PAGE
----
Juror Information

      What You Should Know

 
1. How are Jurors Selected?
2. What are the Requirements for being a Juror?
3. What are the different Types of Juries?
4. How Long does a Juror have to Serve?
5. What Happens when I Appear for Jury Service?
6. Is it possible that I might Report for Service but not sit on a Jury?
7. What Rules do Jurors have to Follow?
8. How does a Jury Decide a Case?
9. How Many Jurors must Agree on a Verdict?
10. What are the Benefits of Serving on a Jury?
11. Are You a Juror with Disabilities?
12. Jury Service Video Brochure
(ohiojudges.org)
 


How does a jury decide a case?

After the attorneys have presented their evidence and made their closing statements, the judge instructs the jurors about the laws that apply to the case. Jurors must decide cases based on the laws as they are and not as the jurors might like them to be.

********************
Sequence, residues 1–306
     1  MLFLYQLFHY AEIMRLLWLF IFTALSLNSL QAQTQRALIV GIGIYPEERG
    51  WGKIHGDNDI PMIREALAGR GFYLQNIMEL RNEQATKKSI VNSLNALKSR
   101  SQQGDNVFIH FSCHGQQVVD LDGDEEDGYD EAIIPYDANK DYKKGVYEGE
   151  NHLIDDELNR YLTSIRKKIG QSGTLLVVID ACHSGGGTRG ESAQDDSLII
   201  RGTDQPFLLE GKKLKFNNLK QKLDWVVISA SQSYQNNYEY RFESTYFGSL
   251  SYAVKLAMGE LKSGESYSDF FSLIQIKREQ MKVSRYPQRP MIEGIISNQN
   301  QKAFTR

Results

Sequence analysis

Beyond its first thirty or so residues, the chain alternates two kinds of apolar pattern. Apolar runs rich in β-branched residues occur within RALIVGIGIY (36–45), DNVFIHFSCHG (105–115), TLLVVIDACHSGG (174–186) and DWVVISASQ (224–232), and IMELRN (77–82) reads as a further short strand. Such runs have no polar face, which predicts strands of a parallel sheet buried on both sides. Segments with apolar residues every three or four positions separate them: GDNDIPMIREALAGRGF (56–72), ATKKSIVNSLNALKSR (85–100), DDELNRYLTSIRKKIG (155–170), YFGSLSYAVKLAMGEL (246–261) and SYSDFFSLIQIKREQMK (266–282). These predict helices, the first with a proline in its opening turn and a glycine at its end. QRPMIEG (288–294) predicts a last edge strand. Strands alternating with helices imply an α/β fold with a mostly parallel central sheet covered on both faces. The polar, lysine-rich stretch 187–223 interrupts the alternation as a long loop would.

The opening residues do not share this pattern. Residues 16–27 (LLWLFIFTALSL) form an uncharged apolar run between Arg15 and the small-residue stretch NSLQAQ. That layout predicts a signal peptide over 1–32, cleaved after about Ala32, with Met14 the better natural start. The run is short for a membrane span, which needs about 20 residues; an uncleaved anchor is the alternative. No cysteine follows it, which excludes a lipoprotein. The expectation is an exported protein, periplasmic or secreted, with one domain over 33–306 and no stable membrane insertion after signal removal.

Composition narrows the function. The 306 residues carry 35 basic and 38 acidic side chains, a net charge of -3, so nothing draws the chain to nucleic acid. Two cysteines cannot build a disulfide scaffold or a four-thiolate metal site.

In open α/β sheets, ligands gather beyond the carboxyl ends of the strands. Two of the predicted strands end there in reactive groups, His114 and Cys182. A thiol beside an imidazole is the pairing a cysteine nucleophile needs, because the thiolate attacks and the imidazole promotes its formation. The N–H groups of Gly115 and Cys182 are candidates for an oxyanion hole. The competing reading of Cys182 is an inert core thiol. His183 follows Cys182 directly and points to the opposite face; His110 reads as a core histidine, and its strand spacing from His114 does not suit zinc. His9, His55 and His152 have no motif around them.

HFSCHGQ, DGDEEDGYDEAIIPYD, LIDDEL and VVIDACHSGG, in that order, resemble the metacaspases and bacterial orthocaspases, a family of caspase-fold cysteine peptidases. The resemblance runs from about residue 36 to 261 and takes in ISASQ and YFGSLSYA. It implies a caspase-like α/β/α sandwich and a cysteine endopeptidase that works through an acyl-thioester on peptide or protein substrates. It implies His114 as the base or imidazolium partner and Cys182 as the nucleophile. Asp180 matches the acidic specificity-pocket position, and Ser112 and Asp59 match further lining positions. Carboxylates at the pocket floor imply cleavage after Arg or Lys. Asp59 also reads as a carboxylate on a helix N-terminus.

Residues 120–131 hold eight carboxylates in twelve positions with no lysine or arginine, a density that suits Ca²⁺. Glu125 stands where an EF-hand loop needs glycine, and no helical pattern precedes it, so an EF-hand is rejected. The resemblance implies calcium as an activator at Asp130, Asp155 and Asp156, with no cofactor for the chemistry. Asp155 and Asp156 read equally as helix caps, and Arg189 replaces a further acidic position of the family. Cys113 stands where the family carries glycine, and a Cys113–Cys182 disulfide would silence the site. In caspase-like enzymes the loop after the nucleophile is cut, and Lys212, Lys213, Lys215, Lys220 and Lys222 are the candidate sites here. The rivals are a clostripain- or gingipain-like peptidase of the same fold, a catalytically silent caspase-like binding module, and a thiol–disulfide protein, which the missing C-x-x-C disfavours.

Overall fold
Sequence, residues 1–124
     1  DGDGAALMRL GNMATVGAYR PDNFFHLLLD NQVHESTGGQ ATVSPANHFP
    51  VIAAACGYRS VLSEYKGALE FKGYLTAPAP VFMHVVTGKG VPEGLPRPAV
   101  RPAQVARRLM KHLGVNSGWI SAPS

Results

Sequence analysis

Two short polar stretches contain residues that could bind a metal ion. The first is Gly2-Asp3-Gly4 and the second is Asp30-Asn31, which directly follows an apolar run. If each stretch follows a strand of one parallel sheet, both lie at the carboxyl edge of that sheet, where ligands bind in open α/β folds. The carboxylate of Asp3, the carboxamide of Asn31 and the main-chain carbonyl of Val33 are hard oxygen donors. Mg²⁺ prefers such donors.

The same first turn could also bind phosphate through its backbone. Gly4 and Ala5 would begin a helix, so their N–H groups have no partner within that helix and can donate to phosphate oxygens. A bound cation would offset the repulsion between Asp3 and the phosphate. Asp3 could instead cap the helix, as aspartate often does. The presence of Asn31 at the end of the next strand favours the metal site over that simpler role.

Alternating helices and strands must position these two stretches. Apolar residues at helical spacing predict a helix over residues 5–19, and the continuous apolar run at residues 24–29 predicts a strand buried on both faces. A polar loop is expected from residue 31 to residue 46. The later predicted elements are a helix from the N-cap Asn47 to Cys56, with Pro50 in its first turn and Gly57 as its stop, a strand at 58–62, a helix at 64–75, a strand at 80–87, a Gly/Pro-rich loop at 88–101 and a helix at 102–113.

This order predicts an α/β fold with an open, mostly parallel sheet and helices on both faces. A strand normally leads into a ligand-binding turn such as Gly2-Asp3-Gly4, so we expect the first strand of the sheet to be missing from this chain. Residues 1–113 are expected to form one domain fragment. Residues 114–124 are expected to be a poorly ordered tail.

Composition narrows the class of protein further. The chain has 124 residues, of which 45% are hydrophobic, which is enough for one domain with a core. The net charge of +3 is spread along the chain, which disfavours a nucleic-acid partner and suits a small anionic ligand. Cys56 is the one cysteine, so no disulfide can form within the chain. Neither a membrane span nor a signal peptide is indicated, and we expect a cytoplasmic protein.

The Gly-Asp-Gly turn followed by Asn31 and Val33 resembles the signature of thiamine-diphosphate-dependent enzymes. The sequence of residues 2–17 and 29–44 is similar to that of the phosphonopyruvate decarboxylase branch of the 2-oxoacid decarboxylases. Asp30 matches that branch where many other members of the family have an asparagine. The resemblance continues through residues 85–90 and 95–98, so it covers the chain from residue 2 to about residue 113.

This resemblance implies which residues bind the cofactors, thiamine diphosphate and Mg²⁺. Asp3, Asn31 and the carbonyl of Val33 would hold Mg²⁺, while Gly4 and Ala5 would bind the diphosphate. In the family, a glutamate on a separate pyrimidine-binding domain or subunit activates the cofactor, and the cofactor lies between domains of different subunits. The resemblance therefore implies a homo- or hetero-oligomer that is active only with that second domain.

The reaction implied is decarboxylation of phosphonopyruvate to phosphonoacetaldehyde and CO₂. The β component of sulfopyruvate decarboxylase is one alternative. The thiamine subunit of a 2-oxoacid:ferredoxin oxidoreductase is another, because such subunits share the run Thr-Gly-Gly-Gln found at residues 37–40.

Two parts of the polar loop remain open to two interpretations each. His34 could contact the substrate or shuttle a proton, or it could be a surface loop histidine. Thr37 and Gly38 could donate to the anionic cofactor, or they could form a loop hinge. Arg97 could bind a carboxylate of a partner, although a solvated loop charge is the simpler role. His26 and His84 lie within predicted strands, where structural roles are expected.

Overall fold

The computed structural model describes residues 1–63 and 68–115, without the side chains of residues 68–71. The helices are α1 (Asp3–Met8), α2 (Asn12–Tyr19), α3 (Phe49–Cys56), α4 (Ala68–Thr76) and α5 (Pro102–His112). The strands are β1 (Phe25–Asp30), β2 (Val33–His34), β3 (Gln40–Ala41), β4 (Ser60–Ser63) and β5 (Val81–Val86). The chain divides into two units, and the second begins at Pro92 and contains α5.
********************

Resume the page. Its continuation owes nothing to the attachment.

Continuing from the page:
Following this instruction, the jury goes to the deliberation room to consider the case and reach a verdict. The jury first elects a foreperson who sees to it that discussions are conducted in a sensible and orderly fashion, that all issues are fully and fairly discussed, and that every juror is given a fair chance to participate. If the jurors have a question during their deliberation, they may write it down and ask the bailiff to deliver it to the judge.

When a verdict has been reached, the jurors agreeing to the verdict sign a form and notify the bailiff. The verdict is read by the bailiff and the judge dismisses the jurors.

 

 
     
 
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